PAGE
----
Willy James


Willy James was born Willy Rochat in 1920 in Echallens (north of Lausanne) into a prominent Swiss family. He began to paint when he was eighteen, receiving lessons from the renowned Swiss painter, Rene Auberjonois, who advised and assisted him through these years and taught him the tricks of the trade. Willy James held his first exhibition in Lausanne in 1944, showing landscapes and his native Vaud. Later he would also exhibit his works at the famous gallery of Paul Vallotton.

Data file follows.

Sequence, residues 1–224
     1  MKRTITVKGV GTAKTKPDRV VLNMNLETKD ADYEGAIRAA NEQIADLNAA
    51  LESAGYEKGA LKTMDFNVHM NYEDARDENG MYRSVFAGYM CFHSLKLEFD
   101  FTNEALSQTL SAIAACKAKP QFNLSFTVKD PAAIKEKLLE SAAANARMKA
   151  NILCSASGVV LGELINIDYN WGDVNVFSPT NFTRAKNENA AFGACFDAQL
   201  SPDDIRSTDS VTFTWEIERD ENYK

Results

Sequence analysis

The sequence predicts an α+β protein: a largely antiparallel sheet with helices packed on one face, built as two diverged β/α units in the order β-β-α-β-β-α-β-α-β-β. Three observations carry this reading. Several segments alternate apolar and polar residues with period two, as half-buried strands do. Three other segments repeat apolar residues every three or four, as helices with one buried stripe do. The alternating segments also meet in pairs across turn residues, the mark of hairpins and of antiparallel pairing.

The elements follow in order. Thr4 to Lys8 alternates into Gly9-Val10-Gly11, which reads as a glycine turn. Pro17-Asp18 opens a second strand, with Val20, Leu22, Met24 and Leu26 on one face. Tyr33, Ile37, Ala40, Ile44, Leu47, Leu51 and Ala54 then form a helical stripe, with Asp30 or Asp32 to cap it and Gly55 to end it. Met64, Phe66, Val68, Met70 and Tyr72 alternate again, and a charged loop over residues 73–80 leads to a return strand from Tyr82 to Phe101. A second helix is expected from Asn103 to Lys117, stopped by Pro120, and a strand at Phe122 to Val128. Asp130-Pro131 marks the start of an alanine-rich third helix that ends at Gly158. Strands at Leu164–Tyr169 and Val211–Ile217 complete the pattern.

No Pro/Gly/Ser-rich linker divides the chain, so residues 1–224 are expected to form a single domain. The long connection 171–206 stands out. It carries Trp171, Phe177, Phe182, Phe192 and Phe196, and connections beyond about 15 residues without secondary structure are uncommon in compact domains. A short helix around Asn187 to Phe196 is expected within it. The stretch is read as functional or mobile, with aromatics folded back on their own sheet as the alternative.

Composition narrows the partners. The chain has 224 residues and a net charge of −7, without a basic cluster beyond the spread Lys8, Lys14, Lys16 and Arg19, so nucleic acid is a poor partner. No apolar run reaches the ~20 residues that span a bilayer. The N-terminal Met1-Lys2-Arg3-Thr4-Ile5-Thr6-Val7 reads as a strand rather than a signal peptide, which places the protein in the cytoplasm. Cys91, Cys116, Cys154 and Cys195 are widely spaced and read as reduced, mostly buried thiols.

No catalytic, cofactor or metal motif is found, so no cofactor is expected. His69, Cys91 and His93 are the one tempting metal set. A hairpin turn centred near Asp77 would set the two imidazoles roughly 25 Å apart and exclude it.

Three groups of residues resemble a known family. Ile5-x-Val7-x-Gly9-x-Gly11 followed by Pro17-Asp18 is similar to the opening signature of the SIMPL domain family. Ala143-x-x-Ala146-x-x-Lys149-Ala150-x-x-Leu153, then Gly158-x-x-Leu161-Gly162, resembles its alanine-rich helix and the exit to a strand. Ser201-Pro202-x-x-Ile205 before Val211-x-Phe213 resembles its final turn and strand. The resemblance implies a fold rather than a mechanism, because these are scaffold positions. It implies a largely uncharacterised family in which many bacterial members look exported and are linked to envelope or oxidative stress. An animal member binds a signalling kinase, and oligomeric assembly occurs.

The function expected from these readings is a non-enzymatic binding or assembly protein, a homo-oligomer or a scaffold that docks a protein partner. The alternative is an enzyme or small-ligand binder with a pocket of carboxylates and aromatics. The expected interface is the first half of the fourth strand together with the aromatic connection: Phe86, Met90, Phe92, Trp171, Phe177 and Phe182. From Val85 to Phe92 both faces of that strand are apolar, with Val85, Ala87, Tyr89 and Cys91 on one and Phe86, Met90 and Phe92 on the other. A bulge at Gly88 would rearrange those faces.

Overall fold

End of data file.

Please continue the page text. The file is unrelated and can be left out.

He soon left for Paris, where he leased a studio in the Rue Jacob. In Paris, he met many of his contemporaries. These scenes are often identical with those favoured by Maurice Utrillo. It was a time when he became familiar with the city’s back streets, from Montmartre to Montparnassen, from Place du Tertre to the Notre Dame. This experience enabled him to create his own version of Paris in his paintings – to remake the city according to his personal vision of it, stripped entirely of modernism of any kind. His works are reminiscent of the works of the famous painter Laurence Stephen Lowry (1887-1976). It is the figures in the streets and on the squares that give these works an extra dimension. All the individuals depicted are focused on their own worlds, they are sketch-like silhouettes seen from a considerable distance: archetypes almost of crowd scenes. They are always on the way to somewhere, going to or from home, to or from work. It is this aspect of the man in the street that makes Willy James what he is.

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